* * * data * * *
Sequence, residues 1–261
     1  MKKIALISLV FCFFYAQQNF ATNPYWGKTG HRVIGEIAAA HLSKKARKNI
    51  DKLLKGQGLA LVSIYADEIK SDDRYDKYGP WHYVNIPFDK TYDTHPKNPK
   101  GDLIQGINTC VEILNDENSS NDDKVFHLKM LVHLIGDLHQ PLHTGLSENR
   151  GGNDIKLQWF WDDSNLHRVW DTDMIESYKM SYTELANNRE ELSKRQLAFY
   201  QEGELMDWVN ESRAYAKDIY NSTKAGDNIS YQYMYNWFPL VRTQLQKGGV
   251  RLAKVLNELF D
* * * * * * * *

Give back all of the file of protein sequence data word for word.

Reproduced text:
Sequence, residues 1–261
     1  MKKIALISLV FCFFYAQQNF ATNPYWGKTG HRVIGEIAAA HLSKKARKNI
    51  DKLLKGQGLA LVSIYADEIK SDDRYDKYGP WHYVNIPFDK TYDTHPKNPK
   101  GDLIQGINTC VEILNDENSS NDDKVFHLKM LVHLIGDLHQ PLHTGLSENR
   151  GGNDIKLQWF WDDSNLHRVW DTDMIESYKM SYTELANNRE ELSKRQLAFY
   201  QEGELMDWVN ESRAYAKDIY NSTKAGDNIS YQYMYNWFPL VRTQLQKGGV
   251  RLAKVLNELF D